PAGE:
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Providing Visual Support with Pacing Boards

Providing Visual Support with Pacing Boards All speech-language pathologists have their own “toolbox” of materials and tricks that better support, motivate, and engage their clients. Visual supports are a particular favorite tool. From visual schedules to simple yes/no picture cards, children with speech and language disorders benefit from these visual images when communicating. One of …

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Pronoun Acquisition

Pronoun Acquisition My child says “me” instead of “I”…how long is this considered age-appropriate? Children typically acquire pronouns in the following order: •Between 12-26 months of age, children will use the pronouns I (to refer the themselves) and it. •Between 27-30 months, children will acquire the pronouns my, me, mine, and you. •Between 31-34 months, …

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Phonological Processes

Does your child say top instead of stop or bock instead of block? Maybe you notice that your child says nana instead of banana or puter instead of computer? Your child may be demonstrating phonological processes, which are patterns that young children use to simplify adult speech. Many children use these processes while their speech and language are developing. Below is a list of different types of phonological processes that your child …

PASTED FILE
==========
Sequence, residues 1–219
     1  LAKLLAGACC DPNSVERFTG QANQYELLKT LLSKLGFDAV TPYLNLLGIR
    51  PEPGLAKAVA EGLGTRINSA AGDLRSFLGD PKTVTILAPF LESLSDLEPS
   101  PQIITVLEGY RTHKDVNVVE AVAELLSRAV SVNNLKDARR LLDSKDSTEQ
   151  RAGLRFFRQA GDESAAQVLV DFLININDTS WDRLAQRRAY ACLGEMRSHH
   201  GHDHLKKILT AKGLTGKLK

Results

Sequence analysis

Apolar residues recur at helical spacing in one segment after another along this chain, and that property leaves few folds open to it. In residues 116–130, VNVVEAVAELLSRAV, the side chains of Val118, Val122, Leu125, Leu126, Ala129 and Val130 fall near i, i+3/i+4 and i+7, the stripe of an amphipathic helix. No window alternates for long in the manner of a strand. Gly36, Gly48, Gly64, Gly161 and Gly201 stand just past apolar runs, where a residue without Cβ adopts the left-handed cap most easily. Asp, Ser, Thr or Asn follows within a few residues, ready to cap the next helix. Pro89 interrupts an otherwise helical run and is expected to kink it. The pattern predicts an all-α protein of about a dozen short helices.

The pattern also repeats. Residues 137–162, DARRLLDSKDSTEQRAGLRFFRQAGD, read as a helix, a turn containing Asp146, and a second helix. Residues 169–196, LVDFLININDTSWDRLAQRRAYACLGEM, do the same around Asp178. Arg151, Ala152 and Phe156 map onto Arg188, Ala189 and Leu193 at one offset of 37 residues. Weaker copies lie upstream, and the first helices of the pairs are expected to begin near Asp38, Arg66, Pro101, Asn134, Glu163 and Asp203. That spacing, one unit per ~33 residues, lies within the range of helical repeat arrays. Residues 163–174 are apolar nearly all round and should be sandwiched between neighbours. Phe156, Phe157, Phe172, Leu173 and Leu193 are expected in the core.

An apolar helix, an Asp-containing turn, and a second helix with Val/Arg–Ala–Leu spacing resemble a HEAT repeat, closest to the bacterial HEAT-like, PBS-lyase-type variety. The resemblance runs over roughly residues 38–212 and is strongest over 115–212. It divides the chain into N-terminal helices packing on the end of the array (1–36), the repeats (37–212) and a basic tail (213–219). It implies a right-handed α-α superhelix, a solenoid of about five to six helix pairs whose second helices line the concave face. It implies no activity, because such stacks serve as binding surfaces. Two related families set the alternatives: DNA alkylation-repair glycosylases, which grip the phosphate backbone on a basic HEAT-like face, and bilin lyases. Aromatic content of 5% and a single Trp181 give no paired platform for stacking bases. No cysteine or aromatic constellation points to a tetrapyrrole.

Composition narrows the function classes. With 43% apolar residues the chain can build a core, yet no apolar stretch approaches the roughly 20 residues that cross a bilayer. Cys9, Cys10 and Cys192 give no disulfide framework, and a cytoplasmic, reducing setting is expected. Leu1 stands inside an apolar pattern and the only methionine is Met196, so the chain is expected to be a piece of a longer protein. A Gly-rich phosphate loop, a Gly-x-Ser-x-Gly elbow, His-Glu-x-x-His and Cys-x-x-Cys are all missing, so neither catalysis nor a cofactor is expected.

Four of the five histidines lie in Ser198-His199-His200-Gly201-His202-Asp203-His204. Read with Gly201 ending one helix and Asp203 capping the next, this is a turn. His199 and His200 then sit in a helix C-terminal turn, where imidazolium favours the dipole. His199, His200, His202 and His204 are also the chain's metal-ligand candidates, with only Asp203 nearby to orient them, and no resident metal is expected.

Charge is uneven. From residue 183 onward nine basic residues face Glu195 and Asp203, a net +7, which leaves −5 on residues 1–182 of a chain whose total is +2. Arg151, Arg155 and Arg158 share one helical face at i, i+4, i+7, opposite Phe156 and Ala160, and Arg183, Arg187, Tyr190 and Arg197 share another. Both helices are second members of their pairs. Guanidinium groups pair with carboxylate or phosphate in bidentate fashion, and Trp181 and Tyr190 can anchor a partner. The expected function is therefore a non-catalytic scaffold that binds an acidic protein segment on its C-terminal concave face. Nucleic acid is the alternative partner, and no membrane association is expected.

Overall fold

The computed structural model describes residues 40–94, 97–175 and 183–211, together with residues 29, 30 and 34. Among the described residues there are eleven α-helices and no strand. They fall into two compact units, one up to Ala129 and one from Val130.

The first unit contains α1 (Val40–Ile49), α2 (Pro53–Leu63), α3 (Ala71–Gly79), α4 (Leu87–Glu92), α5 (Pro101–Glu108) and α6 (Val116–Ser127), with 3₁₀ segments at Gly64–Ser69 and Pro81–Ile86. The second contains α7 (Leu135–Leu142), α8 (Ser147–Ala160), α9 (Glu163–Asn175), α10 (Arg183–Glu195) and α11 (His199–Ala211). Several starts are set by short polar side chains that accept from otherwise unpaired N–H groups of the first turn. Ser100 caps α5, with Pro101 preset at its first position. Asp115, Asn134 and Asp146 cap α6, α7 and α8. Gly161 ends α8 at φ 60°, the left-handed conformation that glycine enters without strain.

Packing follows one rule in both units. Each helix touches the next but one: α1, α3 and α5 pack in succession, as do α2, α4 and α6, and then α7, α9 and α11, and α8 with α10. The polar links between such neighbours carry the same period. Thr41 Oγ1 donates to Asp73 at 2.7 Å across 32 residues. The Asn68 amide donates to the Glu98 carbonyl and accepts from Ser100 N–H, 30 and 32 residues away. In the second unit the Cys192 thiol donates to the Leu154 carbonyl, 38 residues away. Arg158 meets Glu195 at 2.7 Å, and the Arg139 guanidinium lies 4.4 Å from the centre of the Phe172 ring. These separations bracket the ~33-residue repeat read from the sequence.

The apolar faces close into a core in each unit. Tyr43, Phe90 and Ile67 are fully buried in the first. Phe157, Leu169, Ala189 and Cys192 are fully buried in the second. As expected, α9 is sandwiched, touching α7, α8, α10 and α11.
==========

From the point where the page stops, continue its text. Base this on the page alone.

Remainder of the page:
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Helping My Child Produce The “K” Sound

During the toddler years, children often use patterns of sound errors (also known as Phonological Processes) to simplify adult speech. To learn more about these phonological processes, click here. A process that we see children use very often is known as “fronting”. This occurs when children substitute the /k/ and /g/ sounds with the /t/ and /d/ sounds. The/ k/ and …

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What Does Articulation Therapy Look Like?

Does your child have difficulty saying a particular sound? Maybe your child has trouble saying more than one sound. Children who have difficulty producing certain sounds will work on improving articulation skills during speech therapy sessions (i.e. they will learn to produce a specific sound or sounds correctly). As a speech-language pathologist, I first evaluate …

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